Alcohol as the Veinnese Vehicle for Denial and Disillusionment

Alcohol as the Veinnese Vehicle for Denial and Disillusionment:

An Analysis of “Drink My Darling” and “King Champagne the First” from Johann Strauss’s Dei Fledermaus

 

By Sara Hartley Llewellyn (nee. Frister)

December 1998

 

            In Die Fledermaus Johann Strauss confronts political disillusionment with unmistakable Viennese escapist humor.  Ever since its opening in Vienna in the May of 1874, Johann Strauss’s most famous operetta has been received by critics and audiences as lighthearted entertainment, but a deeper look into the political and social atmosphere of the 19th century Viennese people, and at the text and music of Johann Strauss, however, will uncover many fundamental, dark realities presented in this operetta.  The political atmosphere of 19th century Vienna influenced the conception of Die Fledermaus and this article will explore what Johann Strauss did to portray this in text and music.

            The political climate in nineteenth century Vienna, which immerged out of the Hapsburg era, was sensitive.[1]  It was wrought with political failure and uncertainty that many Austrians would like to deny.  The absolutist era of what Brion calls “political quietism” ruled by “the great empress” Maria Theresa, followed by the “enlightened despotism” era of the benevolent “people’s emperor” Joseph II crumbled with the revolution of 1848.  The revolutionary movement further divided Viennese people when the constitutional regime was established in the 1860s.  Torn by contrasting movements of nationalism, liberalism and passivism the Viennese people turned to cultural rebellion in the fin de siècle (end of the era) movement of the late 19th century.  They relied more and more heavily on their eccentric style of living to escape an unstable reality.

            Behind this intoxicated front, Vienna slid into a world of denial.[2]  On the surface Viennese life had been sheltered.  The World Exhibition in 1873, one year before Die Fledermause’s composition, painted an inspired picture of Vienna as a rich and festive city.  This front, however, covered up such devastating fundamental realities as the financial panic that began in May of that year.  Vienna was the city that could celebrate ins way through any disaster.  A fragile political climate emerged out of this causing the Viennese to look to superficial sources for leadership and continuity.

            Johann Strauss touched the pulse of Vienna when he wrote Die Fledermaus in 1874.  However, he did not create this Viennese masterpiece on his own.  In fact, it is not even based on a Viennese source.  The plot for the “Komische Operette”, Die Fledermaus, was adapted from the Parisian vaudeville comedy, Le Reveillon by Henri Meilhac and Ludovic Halevy, which premiered in 1872, based on the peculiarly French cstom of a holiday midnight supper party.

            In order to create a more Viennese conception, the focus was changed to a Viennese ball, and other details, such as names of locale, the addition of the jailer’s character, and the emphasis on the role of alcohol were added in the development of Die Fledermaus.  The fundamental aspects of the plot, however, were retained.  It was an ideal subject for the basis for Johann Strauss’s most famous operetta because of its playful identification with the Viennese exotic, eccentric style and feasible solutions for what many Viennese self-consciously viewed as a depthless existence, intoxication and celebration.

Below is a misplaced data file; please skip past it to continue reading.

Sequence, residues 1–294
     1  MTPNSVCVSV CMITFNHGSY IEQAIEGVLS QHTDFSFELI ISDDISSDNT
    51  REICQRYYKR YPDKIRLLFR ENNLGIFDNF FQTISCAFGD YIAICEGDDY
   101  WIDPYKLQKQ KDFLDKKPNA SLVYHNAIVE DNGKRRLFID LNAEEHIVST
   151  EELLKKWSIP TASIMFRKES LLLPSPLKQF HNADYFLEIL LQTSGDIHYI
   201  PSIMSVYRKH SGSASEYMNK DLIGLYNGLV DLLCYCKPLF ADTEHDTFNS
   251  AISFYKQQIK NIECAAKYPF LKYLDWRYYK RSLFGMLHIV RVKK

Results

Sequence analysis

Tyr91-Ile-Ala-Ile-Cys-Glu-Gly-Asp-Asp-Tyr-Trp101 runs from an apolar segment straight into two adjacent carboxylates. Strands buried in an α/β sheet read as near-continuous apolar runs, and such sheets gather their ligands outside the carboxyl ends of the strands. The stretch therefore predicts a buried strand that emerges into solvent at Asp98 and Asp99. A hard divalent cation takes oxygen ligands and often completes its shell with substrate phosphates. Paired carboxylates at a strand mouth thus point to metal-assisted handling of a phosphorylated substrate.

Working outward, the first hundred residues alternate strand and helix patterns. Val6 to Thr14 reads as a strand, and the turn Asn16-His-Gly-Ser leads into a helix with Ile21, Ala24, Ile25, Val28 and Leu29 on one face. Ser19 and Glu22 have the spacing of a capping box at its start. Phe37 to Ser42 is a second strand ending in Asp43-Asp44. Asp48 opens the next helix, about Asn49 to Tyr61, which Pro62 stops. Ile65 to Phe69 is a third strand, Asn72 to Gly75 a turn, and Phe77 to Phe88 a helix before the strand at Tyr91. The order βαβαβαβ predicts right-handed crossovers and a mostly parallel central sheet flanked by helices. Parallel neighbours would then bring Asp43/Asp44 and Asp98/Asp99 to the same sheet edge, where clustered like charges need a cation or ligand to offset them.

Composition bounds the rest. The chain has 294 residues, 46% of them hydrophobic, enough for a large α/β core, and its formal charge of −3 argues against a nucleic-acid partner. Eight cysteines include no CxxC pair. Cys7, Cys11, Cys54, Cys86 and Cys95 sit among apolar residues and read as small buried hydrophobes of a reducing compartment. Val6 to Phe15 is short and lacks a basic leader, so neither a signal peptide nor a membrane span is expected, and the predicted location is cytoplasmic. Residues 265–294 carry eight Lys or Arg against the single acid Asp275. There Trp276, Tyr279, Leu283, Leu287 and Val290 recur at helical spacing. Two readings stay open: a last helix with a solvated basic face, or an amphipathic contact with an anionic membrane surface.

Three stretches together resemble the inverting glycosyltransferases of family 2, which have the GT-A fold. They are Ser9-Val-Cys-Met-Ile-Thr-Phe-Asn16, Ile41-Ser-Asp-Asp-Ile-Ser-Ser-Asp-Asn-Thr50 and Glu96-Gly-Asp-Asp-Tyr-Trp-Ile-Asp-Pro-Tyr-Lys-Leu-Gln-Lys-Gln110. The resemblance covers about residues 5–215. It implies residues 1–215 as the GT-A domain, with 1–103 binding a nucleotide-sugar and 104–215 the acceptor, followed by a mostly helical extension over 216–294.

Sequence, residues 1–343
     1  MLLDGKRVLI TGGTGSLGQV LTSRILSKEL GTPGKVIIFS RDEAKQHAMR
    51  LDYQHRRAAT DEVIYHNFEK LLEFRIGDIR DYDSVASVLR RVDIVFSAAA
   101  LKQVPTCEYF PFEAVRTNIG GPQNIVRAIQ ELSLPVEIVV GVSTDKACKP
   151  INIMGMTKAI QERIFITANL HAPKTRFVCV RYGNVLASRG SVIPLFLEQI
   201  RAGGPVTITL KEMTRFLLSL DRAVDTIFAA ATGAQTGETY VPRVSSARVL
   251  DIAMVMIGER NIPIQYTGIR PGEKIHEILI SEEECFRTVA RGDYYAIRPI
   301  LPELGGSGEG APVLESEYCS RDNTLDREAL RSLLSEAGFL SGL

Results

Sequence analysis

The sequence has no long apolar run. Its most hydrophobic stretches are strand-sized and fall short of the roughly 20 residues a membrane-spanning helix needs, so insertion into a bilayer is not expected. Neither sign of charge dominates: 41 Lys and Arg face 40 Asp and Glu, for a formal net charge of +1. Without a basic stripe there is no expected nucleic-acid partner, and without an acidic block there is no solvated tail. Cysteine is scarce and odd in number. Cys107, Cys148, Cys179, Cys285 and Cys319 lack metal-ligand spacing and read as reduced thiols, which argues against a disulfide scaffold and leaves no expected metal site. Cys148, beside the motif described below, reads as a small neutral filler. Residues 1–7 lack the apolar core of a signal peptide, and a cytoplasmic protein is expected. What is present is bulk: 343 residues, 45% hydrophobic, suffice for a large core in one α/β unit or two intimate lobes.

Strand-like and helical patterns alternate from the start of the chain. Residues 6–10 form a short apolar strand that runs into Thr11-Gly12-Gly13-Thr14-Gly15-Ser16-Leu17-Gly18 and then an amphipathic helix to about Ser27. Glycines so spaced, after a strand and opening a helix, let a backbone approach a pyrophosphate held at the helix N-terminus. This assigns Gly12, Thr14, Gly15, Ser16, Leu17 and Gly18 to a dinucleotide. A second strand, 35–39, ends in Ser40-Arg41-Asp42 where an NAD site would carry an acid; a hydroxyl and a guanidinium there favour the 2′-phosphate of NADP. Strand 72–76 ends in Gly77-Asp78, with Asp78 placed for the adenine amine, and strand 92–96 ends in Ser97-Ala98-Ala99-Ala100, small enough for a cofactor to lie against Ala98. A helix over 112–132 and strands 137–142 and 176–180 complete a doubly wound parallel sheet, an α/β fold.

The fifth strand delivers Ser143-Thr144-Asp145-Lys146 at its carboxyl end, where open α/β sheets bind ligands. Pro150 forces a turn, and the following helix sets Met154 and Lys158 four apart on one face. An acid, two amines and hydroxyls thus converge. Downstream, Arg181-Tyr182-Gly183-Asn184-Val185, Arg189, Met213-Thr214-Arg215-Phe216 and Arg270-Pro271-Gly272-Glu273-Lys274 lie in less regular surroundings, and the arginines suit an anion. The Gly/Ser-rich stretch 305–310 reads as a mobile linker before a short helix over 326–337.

The operetta was an immediate success in Vienna after its premiere on Ester Sunday, April 5, 1874.  Although on the surface it seems that the work was a failure because it was taken out of the theatre during its premiere run, after only sixteen nights, a bit ore research will uncover that this was only because the Theatre an der Wien was pre-booked for the visiting operatic company season.  After this scheduled interruption Die Fledermaus returned to complete a healthy season.  In fact, fifty-eight of the eighty-eight operetta performances in 1874 were of Die Fledermaus making it the most successful operetta of its time.  Much of the success of this work can be attributed to the identification that the audience could make with the text and music.

One must only study portions of the text of this “lighthearted opera” to see that this is not a complete interpretation.  Te most obvious portrayals of deep political disillusionment can initially be found in the many references to alcohol as a substitute for reality.  In the Finale of Act I Alfred, the seducing ex-lover of the mistress Rosalinde, sings “Drink My Darling” revealing life’s “clarity” which can be found through the power of champagne. (fig 1)

A strophe of rhyming couplets in trochaic trimeter, which demonstrates a simple short-sighted mentality, is sun by Alfred, followed by a two line dactylic dimeter refrain.  Rosalinde intercedes with an aside in which she interjects her only objection to such a misleading plan, “O, what is to be done”.[3] Her argument is short lived and cut in half by the second occurrence of the refrain for which she joins Alfred.  Rosalinde quickly gives into his temptations, they sing an extended rhyme, he sings another of his seductive strophes, and finally Alfred and Rosalinde complete the strophe and refrain form with a final recital of the refrain.

The text shows how simple the irony of denial really is, “Once your fair eyes are bright and clear, you’ll see everything as it really is.”  The farce that alcohol could make one more aware of reality contradicts fact, which is that alcohol takes away the ability to judge reality.  This second purpose was really the goal of the self-conscious Viennese people.  The idea of disillusionment is clearly reestablished in the last verse of the text that states “Illusion brings us happiness, even through the joy is brief”.

            The theme of denial and disillusionment does not end with the text.  Johann Strauss uses harmony, melody, rhythm and orchestration to elaborate on this picture of Vienna’s consciousness.  Strauss never strayed far from the festive dance melodies even when he wasn’t writing on of his famous waltzes.  The duet is a light, “allegretto molto” dance tune in triple meter which never modulates, but does entertain strong inclinations towards the dominant key of D major. (fig 3)

            The illustion of lifting out of the tonic foundation is an overwhelming theme throughout the operetta.  One example of this arises in each occurrence of Alfred’s primary theme.  A recurring escape tone first appears, in some variation, in the second half of the first beat of every measure except the third of Alfred’s them, suggesting the evasive nature of the drink. (fig 4)  The escape tone leap is accentuated by the otherewise very conjunct, elegant line, and an accending out of the tonic can also be seen in the short circle of fifths progression found at mm. 21 and 81 of Alfred’s melody.  The apparently playful and carefree, buoyant, dancing melody, and the diatonic line, which begins Alfred’s theme at m. 5 and m. 65, also depict a misleading front.